Article

Aristarchus of Samothrace is the most important Hellenistic philologist. He was head librarian of Alexandria, and produced editions of many Greek authors. Among his most important achievments (the one we have most information) is his edition with commentary of Homer, which had a great impact on the history of the Homeric text.Aristarchus (c. 216–144bce) was born in Samothrace but spent most of his life in Alexandria, where he was a pupil of Aristophanes of Byzantium. Ptolemy VI Philometor (king from 180 to 145bce) appointed him as a tutor to his sons (Sudaα 3892 and POxy. 1241, a papyrus dating to the 2nd centuryce), probably around 155bce. At Alexandria royal tutors often were also the head librarians in the Royal Library. Aristarchus occupied this role as a successor of other important scholars (Zenodotus, Apollonius Rhodius, Eratosthenes, and his own teacher Aristophanes of Byzantium) in the first half of the 2nd century .

Article

Aristarchus (3), of *Tegea, tragic poet, dated by *Eusebius to 454/3 bce (date of first victory?) and called a contemporary of *Euripides by the *Suda, which says that he wrote 70 plays and won two victories. His plays included Tantalus, Achilles (adapted by *Ennius), Asclepius (said by the Suda to have been a thank-offering for recovery from illness).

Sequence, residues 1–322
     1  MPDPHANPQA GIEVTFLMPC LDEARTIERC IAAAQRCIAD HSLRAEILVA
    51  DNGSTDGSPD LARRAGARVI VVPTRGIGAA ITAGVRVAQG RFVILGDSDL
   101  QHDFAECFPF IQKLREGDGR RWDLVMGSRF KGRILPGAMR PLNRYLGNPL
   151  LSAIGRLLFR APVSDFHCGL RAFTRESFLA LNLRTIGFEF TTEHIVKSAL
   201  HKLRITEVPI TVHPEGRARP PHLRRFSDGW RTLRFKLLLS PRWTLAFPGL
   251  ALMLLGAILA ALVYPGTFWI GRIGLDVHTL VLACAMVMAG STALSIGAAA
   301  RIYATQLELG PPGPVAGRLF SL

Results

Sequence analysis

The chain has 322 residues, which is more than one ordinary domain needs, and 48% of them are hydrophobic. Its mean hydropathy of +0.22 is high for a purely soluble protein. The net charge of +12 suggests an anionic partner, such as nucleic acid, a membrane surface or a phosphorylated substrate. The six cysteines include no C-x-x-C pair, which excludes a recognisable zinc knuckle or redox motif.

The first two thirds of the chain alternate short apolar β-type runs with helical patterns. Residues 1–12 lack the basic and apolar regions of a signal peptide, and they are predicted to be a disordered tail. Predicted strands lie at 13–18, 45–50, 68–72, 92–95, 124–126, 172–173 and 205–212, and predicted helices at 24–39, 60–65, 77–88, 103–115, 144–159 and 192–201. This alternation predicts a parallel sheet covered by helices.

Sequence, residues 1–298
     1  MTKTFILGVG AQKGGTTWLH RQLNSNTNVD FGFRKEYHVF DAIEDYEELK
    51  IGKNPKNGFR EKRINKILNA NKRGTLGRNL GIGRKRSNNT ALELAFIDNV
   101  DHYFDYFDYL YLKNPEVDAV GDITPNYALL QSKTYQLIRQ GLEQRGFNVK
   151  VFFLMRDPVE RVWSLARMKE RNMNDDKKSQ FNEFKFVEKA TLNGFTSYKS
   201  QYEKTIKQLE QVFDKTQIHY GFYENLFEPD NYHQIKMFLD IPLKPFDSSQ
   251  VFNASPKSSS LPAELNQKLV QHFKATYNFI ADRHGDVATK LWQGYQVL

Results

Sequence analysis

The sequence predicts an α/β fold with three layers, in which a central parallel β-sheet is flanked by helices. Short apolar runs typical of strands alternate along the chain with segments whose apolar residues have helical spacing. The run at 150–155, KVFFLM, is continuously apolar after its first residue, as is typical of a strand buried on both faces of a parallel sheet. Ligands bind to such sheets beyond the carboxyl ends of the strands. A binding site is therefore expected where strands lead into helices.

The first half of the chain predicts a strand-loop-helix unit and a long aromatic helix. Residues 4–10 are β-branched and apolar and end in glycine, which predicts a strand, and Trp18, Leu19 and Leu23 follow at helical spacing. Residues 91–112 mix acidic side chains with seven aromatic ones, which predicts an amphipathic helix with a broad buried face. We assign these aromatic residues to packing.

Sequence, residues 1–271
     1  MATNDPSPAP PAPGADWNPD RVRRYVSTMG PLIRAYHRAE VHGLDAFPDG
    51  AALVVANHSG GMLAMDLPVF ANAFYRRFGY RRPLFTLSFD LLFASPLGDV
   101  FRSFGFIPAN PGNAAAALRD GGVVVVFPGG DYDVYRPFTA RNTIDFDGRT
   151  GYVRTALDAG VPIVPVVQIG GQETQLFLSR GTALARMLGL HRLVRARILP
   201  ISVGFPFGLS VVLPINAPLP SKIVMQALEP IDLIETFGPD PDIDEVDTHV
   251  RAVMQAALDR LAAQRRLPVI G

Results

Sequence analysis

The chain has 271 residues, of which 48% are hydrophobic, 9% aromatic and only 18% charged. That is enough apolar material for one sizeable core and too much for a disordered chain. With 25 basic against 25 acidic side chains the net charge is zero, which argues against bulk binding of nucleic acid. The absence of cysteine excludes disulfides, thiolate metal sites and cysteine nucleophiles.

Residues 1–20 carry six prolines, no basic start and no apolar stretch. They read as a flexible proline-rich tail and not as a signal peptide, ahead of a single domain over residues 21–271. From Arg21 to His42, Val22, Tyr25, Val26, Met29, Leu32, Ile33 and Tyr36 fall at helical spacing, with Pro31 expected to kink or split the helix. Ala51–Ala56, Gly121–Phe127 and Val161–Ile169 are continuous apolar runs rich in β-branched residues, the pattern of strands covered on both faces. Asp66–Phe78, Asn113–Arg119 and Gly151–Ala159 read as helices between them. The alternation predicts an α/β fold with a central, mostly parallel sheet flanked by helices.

Article

Greek writer (origin unknown) of Milesian Tales (Μιλησιακά). A copy was allegedly found in a Roman officer's kit after the battle of *Carrhae (Plut. Crass. 32. 4–6). This story, and the translation of Aristides into Latin by *Sisenna (Ov. Tr. 2. 443–4, cf. 413–14: ten fragments in F. Buecheler, Petronii Saturae4 (1862), 239 f.), probably the historian, praetor in 78 bce, gives Aristides a conjectural date of c.100 bce. Only one fragment survives (Harpocration, p. 88 Dindorf) but Ovid and Plutarch (as cited above) and *Apuleius, Met. 1. 1 (cf. Arr. Epict. Diss. 4. 9. 6; ps.-Lucian, Amores 1; SHA Clod. 11. 8, 12. 12), show that Milesiaca were short and lewd erotic tales, probably so named after their conventional setting (*Miletus). They presumably influence inset tales in the Lucianic Ὄνος (Ass) and Apuleius' Metamorphoses; also *Petronius Arbiter's Ephesian Widow (Satyrica111–12) and Pergamene Boy (ibid.

Article

Erik Robertson Dodds and M. B. Trapp